Self-Publishing. Why Not?

By ToniLeland (ToniLeland) on March 25, 2011

Publishing your own book is not for everyone. In fact, most writers cower at the thought of paying to have their own work published, based on past public opinion that most self-published books are terrible; if they were any good, wouldn't someone have snapped up the stories, and sent the author on his or her way to fame and fortune?

And what about ego? Having that "New York Stamp of Approval" on one's work is the ultimate trip, but there is a common perception that "getting your work out there" is only legitimate if someone else pays for it. Yet, hundreds of determined authors have taken the book by the horns, and successfully launched careers. Don't believe me? See some examples at the end of this post. And don't forget about e-books!

Why is publishing your own book different from an artist who opens her own gallery to sell her work? Or a musician who sets up a sound studio, then performs and promotes his music on the road? In 2004, Mel Gibson paid to produce and distribute The Passion because no studio would touch it. Richard Paul Evans paid to print 8,000 copies of 
The Christmas Box; the following year, Simon & Schuster paid Evans $4.2 million dollars for rights to the book that has sold more than 7 million copies in 17 languages.

True, many self-published books are poorly written, unedited, and poorly designed and printed–many of them the products of internet publishers or subsidy houses. However, this problem lies directly in the lap of the author. There is a huge difference between self-publishing and simply getting a manuscript printed, and that difference is editing. This is where self-publishing gets its black eye; it is the author's responsibility to see that the manuscript is really ready for publication.

Traditional editors and literary agents are looking for material that sings, not only the story, but the craft and care with which the tale is spun. Most positive decisions are based on whether or not the publisher believes a story is salable. Publishing is a business, and a business's first concern is making money. Even the small presses have financial constraints; it costs money to produce books, and there must be some prospect of a reasonable return. For this reason, e-books with their low cost and easy production and distribution have grown tremendously in the past few years.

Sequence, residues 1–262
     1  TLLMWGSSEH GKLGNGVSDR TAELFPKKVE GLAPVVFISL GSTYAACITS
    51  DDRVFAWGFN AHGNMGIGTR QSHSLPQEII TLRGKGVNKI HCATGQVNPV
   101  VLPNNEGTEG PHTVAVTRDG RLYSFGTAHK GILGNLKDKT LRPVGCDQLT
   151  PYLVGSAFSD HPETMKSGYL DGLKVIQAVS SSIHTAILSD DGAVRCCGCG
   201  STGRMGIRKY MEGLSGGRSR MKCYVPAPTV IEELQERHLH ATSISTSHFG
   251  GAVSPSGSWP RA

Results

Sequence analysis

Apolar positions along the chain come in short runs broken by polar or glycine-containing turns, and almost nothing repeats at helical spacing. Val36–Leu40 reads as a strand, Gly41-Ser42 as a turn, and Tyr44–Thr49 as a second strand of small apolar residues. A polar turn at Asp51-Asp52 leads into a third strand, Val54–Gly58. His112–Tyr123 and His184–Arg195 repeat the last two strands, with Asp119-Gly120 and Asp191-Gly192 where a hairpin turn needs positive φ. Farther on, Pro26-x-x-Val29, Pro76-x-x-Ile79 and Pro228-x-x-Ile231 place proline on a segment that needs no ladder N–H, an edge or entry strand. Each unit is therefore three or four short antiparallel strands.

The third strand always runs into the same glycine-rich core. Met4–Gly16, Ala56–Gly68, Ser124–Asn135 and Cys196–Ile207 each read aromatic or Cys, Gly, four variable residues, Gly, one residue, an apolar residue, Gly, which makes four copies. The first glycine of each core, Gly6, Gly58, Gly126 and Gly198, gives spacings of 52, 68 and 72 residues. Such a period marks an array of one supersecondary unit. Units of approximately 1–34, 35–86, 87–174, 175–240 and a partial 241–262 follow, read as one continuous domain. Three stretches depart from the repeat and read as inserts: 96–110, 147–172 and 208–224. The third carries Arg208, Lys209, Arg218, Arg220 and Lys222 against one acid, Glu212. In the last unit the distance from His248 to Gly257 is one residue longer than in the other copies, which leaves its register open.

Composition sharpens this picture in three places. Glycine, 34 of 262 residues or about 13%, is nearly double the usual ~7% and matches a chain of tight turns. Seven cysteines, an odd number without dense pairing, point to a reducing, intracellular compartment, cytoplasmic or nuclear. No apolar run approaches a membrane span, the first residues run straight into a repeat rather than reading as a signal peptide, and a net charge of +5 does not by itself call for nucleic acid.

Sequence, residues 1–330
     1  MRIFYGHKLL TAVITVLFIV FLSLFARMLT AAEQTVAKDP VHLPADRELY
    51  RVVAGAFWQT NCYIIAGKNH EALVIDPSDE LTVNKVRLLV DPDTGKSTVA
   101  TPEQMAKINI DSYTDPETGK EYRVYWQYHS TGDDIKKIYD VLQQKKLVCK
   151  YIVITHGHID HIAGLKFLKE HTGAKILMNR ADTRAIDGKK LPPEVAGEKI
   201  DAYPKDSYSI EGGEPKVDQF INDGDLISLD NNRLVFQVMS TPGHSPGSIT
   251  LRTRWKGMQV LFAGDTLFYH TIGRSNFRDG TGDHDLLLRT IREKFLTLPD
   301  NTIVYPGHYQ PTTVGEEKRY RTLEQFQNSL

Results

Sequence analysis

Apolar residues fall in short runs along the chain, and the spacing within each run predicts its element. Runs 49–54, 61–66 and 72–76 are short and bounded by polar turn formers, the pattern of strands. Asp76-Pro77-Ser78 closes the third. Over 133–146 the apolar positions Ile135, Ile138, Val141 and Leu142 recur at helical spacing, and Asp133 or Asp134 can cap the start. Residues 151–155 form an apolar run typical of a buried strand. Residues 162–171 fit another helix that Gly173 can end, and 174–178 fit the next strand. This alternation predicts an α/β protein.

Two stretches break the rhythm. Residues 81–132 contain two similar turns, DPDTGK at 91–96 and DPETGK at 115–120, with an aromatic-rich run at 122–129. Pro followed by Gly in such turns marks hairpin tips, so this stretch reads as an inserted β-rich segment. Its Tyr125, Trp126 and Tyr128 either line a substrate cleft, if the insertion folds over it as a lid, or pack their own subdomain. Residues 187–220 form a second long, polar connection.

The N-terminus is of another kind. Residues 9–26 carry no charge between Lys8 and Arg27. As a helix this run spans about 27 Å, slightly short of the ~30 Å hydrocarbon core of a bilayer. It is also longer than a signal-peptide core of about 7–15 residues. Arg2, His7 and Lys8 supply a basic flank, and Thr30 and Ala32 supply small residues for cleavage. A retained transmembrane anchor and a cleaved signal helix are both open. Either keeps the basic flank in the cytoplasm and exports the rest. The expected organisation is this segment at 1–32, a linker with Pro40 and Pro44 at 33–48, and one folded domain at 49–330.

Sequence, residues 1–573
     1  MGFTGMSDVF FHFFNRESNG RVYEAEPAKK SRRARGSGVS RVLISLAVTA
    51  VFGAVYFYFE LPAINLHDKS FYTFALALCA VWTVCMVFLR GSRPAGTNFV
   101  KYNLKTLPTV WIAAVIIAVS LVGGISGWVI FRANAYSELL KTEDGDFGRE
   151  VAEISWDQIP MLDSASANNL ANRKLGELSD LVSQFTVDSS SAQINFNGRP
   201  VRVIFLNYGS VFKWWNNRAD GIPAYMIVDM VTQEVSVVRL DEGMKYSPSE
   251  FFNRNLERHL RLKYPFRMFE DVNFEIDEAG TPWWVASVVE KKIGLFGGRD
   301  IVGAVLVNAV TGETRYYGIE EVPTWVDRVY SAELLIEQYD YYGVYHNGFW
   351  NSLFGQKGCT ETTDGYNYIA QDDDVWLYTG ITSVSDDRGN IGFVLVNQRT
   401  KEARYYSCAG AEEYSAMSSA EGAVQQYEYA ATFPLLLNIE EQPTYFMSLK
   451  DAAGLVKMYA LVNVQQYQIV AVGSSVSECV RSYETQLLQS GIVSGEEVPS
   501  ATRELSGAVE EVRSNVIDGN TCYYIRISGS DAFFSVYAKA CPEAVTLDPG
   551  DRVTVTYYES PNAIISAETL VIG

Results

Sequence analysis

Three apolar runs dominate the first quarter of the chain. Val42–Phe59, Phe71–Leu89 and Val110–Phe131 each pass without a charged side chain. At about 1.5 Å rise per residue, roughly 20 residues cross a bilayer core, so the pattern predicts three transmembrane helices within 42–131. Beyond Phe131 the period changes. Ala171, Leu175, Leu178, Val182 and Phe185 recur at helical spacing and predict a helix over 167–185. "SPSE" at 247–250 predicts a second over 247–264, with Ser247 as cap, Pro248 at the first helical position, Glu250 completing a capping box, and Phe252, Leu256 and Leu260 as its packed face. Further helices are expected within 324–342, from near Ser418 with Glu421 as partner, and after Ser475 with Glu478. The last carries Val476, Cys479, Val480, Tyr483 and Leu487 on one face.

In the "New York scenario," if your manuscript makes it, what do you think is the next step? Assignment to an editor who will go over the work, line by line, then return it to you to make changes. It's not impossible that this process could happen two or three times in the life of the book before it goes to print, but the norm is just one chance to get it right. Skipping this all-important step is asking for trouble. Agent Laurie Fox states, "Established authors routinely work with experienced freelance editors before delivering a final manuscript to the publisher." 
("Double Identity," Writer's Digest, February 2005, pp. 38-40.)

Not everyone can be on the "A" list of publishing, but rejection by a traditional house does NOT mean your work doesn't have merit. It only means that the work had to compete against a tremendous number of manuscripts, many by recognized or "sure-thing" authors. Granted, most of us will never open our own publishing company, but the fact remains that, given enough determination, anyone can produce a quality book of which they can be proud and make available through major retail markets. Self-publishing is a viable alternative for the writer whose work may not fit into the bottom-line-driven mold of traditional publishers, but who doesn't care to opt for an electronic version of the title. There can be value and worth in endeavors that don't come from the pinnacles, but rather from hard work and dedication. Times have changed, and your dreams shouldn't die simply because they don't match someone else's idea of what is interesting or entertaining to the reading public.

Successful Self-published Authors You've Heard About

  • Julie Aigner-Clark founded Baby Einstein company to produce her early-learning videos for babies and toddlers, and sold over 8 million copies of her products before selling the company to Disney for $25 million.
  • Margaret Atwood published her first volume of poetry, then went on to become a bestselling novelist and short story writer.
  • On the steamy side of writing, Zane published and sold 60,000 copies of Addicted, 20,000 copies of Sex Chronicles, and 38,000 copies of Shame on It All, before selling her rights to Pocket Books.
  • Amanda Brown published Legally Blonde with 1stBooks; Reese Witherspoon starred in the movie.
  • Teri Wood sold 70,000 copies of True to the Game from the trunk of her car.
  • Other success stories include:
  • Zane GrayHeritage of the Desert
  • John GrishamA Time To Kill
  • Herman MelvilleMoby Dick
  • Beatrix PotterTale of Peter Rabbit
  • Robert J. RingerWinning Through Intimidation

These are by no means the only successful authors who've taken control of their writing careers. But each one of them believed in their book and knew they could make it happen if they really wanted it.

©2009 Toni Leland


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Comments and discussion:
Subject Thread Starter Last Reply Replies
How encouraging! Sharon Aug 16, 2011 6:32 AM 25


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